It will soon be a year since the Commissioner of LB&I issued this Directive on March 10, 2020. The stated purpose of its issuance was to manage research issues and resources in the most effective and efficient manner possible. After living research credit for a number of years at the Internal Revenue Service, I know the number of taxpayers claiming the credit was only growing and resources declining.
What Does the Directive Do and Why?
The Directive created a Research Risk Review Team (RT), which is a national strategy to improve the identification of the highest risk research issues under IRC §§ 41 & 174. The team is made up of subject matter experts, engineers, revenue agents and other specialists. This allows knowledge sharing through collaboration with the field. The goal is to have the highest risk research issues examined, with the proper depth and scope and bring consistency across the country. Since the RT has a big picture view, they can consider research issues across the country and avoid local managers and agents from expending resources on issues that do not have the highest risk.
How It Works
The Directive does not apply to research issues in campaign inventory or Compliance Assurance Process (CAP) cases.
With few exceptions, frontline managers try to select the highest risk issues based on his or her local and regional knowledge and will continue to use the existing tools at their disposal. Once the normal risking of a research issue is complete, the RT is required to review and concur with the risk analysis. One exception is when both the case manager and specialist manager agree not to examine the research issue, then no referral to the RT is required.
Other scenarios when the RT must review and concur are as follows:
- An Industry Case (IC) return does not meet the guidelines of the normal review process and the case and/or specialist manager wants to examine the issue.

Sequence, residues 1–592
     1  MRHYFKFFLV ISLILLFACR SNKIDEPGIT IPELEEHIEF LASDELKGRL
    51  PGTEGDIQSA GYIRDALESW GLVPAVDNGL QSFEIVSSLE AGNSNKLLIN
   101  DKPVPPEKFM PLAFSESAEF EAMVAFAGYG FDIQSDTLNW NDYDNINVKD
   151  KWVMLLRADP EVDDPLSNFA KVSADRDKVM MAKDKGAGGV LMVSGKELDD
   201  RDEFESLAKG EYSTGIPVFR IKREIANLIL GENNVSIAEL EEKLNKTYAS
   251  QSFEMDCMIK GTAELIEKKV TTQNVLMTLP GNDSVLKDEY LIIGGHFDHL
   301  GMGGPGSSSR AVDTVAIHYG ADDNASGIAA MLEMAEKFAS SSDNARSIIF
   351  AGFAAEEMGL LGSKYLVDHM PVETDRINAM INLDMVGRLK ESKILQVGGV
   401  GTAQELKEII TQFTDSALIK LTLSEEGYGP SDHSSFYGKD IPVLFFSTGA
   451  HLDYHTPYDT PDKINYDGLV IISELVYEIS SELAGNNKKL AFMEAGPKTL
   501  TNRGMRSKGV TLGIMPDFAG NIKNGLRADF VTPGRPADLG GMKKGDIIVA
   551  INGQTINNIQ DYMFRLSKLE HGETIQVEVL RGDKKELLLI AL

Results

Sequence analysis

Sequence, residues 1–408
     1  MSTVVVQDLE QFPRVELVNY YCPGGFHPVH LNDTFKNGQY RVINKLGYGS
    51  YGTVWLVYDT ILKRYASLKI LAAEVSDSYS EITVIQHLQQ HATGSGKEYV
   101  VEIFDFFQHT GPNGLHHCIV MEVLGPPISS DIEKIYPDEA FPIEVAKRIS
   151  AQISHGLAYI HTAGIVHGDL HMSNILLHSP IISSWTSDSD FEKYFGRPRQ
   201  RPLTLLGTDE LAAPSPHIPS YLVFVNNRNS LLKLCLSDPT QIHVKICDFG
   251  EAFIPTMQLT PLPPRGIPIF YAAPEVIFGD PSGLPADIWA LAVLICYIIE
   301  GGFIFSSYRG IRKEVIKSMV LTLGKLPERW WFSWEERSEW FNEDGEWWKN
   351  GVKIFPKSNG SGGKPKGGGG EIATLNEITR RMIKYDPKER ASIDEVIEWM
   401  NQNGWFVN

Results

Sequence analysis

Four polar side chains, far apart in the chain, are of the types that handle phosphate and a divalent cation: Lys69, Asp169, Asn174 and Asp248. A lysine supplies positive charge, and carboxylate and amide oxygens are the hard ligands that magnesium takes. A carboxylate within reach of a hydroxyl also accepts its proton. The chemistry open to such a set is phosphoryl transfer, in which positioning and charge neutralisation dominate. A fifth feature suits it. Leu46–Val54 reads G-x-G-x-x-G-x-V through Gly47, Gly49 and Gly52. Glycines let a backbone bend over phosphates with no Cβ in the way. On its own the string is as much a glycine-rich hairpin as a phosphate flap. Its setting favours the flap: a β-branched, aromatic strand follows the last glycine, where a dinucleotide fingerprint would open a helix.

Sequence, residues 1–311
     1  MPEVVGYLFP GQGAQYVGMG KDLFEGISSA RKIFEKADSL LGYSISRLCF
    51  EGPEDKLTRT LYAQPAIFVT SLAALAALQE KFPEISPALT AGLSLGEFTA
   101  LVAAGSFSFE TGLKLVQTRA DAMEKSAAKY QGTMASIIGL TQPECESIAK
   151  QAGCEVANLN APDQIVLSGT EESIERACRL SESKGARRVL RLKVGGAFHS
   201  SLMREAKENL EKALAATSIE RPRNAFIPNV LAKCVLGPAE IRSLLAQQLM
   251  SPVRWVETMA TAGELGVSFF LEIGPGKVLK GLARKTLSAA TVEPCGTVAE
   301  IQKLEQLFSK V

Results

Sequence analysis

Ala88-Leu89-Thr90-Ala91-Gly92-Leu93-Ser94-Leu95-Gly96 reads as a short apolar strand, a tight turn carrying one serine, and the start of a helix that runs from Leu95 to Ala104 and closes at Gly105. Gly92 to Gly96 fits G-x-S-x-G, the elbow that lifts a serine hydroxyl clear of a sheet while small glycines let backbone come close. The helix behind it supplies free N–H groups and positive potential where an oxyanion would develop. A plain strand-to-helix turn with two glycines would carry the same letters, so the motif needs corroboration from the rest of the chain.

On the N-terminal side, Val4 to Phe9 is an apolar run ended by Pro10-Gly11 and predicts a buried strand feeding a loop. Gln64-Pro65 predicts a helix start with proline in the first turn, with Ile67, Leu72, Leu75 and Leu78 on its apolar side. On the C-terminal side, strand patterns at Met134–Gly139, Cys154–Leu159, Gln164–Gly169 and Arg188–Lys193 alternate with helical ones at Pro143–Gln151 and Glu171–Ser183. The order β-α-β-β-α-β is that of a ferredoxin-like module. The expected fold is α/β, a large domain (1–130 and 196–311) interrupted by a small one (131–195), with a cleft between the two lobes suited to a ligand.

- A Large Corporate Compliance (LCC) return is risk accessed and the case and/or specialist manager wants to examine a research issue.
- Any subsequent year and/or related pickup that has a research issue that will be examined.
- Any research claims, formal or informal, received during the examination that will be examined.
- If during the examination the scope or depth changes from the originally approved concurrence.
- Any Pre-Filing Agreements received with a research issue.
Is it Positive for Taxpayers?
I think the creation of the RT is a positive step in LB&I’s administration over the research issue. When issued, some questioned whether it is just the beginning of going back to the days of the Tier 1 Issue procedures that were suspended in 2012. I did not think so at the time and I believe the past year has proven that. The Tier 1 was often referred to as the “Man behind the curtain”, due to the fact taxpayers and practitioners felt someone was calling the shots and there was no opportunity to speak directly to he or she. This Directive is applied upfront and designed to bring consistency nationally to what research issues are examined and how best to allocate resources and foster the greatest compliance. As tax administrators, it makes sense for the IRS to allocate resources to the highest risk issues on a national basis. Even before COVID, more and more examination work was being conducted remotely and as a result it became increasingly less important whether personnel were on site.
So again, if it continues to be implemented correctly, I believe this is positive for both the IRS and taxpayers. IRS resources are focused on the high-risk material issues and assign the correct specialists to the issue. If a taxpayer has a well-documented issue it is always better to have examiners who understand the issue. I have found if the examiners are well versed in the issue and focused, the exam moves faster. The issue can either be accepted as filed, resolved or everyone can agree to disagree and move forward.